The Maritime History of the Great Lakes
Detroit Free Press (Detroit, MI), Wed., 15 May, 1895

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Schooner Kate Kelly and Steamer Petoskey Supposed to be in Trouble

Kenosha, Wis., May 14. - The fishing tug Engel picked up a portion of the schooner Kate Kelly, bearing the vessel's name, also a yawl boat and pail marked steamer Petoskey. Tugs are scouring the lakes for the wrecks.

Chicago, May 14. - Late this afternoon word was received here that a vessel was wrecked off Kenosha. The tug Helm was started from here to give assistance.

Kenosha, Wis., May 14. - The schooner Kate Kelly is believed to have been lost, with her entire crew, in the great storm of yesterday. A fishing tug brought in at noon pieces of a yawlboat, pawl-post, cabin, water barrel, pail and tubs, and pieces of the monkey rails forward, upon which was the name Kate Kelly. The tug also brought in 300 hemlock railroad ties. The Kelly was bound from Alpena to Chicago for the Ed. E. Ayer Co., and was somewhere off this shore when the storm burst yesterday morning. The wreckage would clearly indicate that the boat could not have survived the storm. The lost schooner was owned and commanded by Harvey J. Hatch, of Chicago. Capt. Hatch was an old-time salt-water navigator. A number of years ago he took the schooner Mary L. Higgie to Europe and was for three years engaged in sailing between European ports, transporting in one voyage many French troops to Africa. He finally brought the schooner safely back to Chicago with a cargo of salt from Spain. Two years ago Capt. Hatch took the whaleback steamers destined for the Pacific coast down the St. Lawrence river and sailed them to Liverpool. He was vice-president of the Shipmaster's Association in Chicago. The Kelly carried a crew of six men besides the captain.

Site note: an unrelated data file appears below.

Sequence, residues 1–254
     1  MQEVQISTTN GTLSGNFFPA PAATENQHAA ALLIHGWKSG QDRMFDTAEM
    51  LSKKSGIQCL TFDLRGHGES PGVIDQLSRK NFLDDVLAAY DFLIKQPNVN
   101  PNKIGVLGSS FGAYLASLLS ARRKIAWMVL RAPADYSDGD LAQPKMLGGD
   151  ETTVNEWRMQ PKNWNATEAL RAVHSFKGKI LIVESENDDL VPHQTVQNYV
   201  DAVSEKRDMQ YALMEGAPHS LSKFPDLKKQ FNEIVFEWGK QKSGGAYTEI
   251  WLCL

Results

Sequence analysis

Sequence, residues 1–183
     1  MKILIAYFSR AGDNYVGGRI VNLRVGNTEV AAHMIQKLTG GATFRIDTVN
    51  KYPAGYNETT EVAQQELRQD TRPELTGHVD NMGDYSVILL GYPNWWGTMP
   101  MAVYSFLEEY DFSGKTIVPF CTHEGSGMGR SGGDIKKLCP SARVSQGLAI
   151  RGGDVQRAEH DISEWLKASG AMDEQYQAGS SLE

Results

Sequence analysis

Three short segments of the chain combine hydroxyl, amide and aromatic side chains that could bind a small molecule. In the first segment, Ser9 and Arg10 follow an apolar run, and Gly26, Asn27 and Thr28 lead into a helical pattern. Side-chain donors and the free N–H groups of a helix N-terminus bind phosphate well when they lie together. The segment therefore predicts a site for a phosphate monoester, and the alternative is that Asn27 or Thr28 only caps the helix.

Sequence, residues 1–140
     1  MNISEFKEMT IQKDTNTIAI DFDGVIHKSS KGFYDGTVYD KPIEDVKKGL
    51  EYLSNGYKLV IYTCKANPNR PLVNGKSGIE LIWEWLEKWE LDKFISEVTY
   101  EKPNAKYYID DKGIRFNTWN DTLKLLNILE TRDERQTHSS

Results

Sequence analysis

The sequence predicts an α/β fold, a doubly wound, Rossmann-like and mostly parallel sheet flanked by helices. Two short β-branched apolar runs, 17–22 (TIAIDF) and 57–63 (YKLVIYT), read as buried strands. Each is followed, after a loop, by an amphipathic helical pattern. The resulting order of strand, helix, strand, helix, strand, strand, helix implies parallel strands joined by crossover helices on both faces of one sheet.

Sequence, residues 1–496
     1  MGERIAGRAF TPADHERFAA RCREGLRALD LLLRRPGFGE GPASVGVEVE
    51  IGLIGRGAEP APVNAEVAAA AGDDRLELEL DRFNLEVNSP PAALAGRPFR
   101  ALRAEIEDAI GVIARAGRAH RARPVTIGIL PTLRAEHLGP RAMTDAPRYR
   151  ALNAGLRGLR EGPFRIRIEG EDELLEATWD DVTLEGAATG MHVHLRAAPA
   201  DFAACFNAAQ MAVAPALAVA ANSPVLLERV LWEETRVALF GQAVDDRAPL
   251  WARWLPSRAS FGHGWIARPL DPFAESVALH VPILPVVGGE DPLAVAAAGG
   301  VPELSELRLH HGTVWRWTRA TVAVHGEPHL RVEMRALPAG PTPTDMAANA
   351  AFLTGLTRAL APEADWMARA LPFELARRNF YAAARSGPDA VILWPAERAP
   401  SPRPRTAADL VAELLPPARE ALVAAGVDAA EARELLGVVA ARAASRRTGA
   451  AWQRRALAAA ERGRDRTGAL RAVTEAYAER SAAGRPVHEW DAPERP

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Wed., 15 May, 1895
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Dave Swayze
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Public domain: Copyright has expired according to the applicable Canadian or American laws. No restrictions on use.
Maritime History of the Great Lakes
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Detroit Free Press (Detroit, MI), Wed., 15 May, 1895